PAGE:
Uzbekistan: On June 20, 2017, the Association for Human Rights in Central Asia (AHRCA) announced that Nuraddin Jumaniyazov, an arbitrarily imprisoned human rights defender, died in prison in December 2016. The news of his death came out only now due to the authorities failing to notify his defense attorney. His defense attorney was unable to meet with Mr. Jumaniyazov since his conviction in 2015. It is also alleged by AHRCA that he not provided with adequate medical care to treat diabetes, which led to the deterioration of his health. It should also be noted that his lawyer, Polina Braunerg, died from a stroke in May 2017. She and her family complained that the authorities prevented her from seeking medical aid, by denying her an exit visa to undergo medical treatment in Russia or to even leave her city of residence to see a heart disease expert in another region of Uzbekistan.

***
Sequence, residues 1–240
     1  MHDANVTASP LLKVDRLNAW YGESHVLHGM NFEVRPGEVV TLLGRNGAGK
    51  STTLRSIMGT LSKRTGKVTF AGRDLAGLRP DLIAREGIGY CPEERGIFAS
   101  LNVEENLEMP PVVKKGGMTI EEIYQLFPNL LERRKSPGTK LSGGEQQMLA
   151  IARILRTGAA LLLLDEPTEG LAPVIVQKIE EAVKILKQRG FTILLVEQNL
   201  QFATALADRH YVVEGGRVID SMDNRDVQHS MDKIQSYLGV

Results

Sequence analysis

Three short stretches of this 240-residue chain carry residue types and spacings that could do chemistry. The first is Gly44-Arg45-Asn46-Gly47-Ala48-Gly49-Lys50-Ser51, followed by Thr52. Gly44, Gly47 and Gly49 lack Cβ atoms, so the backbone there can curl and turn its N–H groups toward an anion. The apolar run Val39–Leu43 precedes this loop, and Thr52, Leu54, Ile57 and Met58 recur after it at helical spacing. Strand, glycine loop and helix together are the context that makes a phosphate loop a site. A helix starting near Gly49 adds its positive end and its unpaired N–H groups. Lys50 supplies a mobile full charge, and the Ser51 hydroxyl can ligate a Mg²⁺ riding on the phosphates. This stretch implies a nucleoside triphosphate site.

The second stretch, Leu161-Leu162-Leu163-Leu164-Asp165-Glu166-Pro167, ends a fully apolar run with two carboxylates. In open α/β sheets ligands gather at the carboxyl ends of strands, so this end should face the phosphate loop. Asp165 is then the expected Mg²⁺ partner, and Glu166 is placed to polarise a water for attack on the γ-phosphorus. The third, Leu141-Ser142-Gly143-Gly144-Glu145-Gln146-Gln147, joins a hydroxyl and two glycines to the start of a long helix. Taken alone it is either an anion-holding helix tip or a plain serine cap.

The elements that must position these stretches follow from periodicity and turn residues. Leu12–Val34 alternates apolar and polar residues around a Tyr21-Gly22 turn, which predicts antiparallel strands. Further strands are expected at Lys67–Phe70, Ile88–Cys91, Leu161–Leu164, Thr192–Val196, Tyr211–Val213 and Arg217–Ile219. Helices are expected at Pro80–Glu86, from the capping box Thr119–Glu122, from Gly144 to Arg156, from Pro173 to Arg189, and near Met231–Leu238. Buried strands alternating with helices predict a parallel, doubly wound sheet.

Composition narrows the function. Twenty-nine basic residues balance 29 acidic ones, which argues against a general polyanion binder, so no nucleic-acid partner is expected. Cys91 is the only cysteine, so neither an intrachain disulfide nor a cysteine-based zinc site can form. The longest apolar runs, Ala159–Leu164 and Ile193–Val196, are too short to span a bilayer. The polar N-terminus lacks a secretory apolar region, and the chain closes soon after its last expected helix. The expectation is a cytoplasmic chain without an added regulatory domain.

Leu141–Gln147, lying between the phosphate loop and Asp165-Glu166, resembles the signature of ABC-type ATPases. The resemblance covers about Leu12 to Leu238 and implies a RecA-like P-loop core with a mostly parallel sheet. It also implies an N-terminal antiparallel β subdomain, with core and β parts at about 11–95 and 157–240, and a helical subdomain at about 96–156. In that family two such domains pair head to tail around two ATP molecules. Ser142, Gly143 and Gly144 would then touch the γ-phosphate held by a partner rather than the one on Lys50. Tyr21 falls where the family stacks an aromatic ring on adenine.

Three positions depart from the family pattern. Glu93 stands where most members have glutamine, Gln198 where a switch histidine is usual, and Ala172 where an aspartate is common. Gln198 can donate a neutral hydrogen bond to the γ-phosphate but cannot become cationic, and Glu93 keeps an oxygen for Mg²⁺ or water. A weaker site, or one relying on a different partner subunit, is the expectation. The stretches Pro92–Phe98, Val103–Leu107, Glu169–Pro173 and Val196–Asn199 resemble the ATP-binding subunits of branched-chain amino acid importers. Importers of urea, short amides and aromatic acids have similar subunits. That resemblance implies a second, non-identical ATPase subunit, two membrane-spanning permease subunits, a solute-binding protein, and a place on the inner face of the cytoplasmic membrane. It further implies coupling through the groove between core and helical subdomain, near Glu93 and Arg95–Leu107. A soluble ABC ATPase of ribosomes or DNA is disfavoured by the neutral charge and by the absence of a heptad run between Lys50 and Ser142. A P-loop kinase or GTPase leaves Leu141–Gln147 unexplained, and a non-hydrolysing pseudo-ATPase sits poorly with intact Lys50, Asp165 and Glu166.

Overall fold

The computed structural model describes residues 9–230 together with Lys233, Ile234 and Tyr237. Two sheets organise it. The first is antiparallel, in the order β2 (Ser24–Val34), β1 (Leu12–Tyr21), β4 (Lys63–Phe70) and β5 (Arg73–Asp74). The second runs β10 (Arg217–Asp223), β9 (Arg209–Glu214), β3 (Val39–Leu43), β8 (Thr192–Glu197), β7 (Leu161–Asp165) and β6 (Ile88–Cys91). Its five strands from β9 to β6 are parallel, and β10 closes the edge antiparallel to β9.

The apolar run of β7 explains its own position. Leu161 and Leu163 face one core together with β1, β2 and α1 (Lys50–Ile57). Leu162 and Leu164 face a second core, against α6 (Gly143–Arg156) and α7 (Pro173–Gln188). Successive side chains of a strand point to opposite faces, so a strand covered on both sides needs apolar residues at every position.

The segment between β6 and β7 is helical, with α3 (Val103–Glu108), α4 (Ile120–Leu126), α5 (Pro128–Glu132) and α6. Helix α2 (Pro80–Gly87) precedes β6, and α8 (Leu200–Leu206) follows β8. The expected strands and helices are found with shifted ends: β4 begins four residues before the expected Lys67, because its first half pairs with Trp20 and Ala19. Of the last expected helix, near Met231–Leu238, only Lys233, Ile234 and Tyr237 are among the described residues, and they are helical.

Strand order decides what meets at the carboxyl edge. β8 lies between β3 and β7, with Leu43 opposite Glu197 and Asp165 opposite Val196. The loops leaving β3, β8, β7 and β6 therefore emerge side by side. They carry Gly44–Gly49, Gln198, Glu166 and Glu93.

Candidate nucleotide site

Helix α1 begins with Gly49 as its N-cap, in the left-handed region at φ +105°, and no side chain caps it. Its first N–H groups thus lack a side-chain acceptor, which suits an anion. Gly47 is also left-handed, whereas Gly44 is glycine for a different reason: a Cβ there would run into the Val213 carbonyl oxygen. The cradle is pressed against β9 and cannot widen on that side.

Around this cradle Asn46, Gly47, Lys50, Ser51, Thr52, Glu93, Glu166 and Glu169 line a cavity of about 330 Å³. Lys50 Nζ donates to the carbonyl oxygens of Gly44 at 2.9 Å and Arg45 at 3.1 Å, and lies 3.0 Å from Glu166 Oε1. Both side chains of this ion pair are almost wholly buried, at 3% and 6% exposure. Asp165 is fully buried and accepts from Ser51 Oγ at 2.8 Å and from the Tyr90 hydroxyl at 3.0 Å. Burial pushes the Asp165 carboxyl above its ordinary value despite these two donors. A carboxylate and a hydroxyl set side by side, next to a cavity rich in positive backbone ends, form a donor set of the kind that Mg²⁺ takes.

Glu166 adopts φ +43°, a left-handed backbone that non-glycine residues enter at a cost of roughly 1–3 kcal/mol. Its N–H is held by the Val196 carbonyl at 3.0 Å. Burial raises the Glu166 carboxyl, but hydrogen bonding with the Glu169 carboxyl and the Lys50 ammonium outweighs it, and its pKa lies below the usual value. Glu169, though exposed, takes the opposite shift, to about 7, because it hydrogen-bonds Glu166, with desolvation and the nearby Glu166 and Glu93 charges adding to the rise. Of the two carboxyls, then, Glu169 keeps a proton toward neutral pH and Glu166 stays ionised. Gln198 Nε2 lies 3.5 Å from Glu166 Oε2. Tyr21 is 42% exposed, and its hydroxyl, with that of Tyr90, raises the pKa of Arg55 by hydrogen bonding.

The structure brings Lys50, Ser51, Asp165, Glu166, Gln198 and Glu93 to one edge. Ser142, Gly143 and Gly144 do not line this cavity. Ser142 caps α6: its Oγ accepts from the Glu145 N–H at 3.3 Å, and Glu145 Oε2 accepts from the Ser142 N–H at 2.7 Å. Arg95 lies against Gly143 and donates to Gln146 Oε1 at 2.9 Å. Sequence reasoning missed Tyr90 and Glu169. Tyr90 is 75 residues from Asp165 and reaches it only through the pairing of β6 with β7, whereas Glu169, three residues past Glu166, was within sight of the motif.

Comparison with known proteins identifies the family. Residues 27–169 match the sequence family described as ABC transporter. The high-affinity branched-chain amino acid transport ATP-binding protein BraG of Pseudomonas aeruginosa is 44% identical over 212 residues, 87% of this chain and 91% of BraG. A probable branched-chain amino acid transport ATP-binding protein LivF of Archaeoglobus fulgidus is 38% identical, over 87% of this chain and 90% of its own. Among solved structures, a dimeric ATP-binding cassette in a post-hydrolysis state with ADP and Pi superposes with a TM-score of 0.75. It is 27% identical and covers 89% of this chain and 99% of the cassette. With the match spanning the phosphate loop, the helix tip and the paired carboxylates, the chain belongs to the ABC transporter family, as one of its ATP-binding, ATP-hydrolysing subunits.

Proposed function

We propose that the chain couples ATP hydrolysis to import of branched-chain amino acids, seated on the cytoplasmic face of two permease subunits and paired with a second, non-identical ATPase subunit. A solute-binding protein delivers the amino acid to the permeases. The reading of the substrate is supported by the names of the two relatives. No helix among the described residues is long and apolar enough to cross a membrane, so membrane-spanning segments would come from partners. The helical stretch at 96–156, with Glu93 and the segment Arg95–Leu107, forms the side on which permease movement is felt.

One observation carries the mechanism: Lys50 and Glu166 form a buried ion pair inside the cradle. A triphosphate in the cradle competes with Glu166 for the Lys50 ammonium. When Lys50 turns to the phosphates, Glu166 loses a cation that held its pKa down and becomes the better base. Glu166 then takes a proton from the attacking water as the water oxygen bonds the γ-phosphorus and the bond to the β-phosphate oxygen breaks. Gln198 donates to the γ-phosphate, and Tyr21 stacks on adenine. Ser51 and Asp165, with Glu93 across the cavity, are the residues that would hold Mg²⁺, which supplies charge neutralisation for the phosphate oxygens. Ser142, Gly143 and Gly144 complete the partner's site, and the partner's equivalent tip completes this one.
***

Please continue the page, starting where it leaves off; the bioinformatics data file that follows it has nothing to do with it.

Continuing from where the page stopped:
Other Noteworthy

Free to State: A New Era for the First Amendment. 
The Washington Post brought together journalists, scholars, business leaders and advocates to explore how the interpretation of our First Amendment rights have evolved in principle and practice, and what it means for a modern democracy.

Symposium: Is Free Speech Under Threat in the United States? COMMENTARY asked a wide variety of thinkers, and broadcasters to respond to this questions: Is frees speech under threat in the United States? Read the twenty-seven opinions on the state of freedom of expression in the US..    
Transparency International/UNESCO Dialogue: The role of civil society and justice systems in the implementation of the targets in SDG 16, with the participation of Ministers from the Supreme Courts of Brazil, Chile, Perú and Uruguay, the General Prosecutor of Guatemala, UNESCO’s Assistant Director General for Communication and information and the president of Transparency International. Monday, 10 July, 2017, 9:00 a.m. – 2:00 p.m., Conference Room 8, United Nations Headquarters, New York. R.S.V.P.: (no later than 5 July) For more information please contact Mr. Ricardo de Guimaraes Pinto at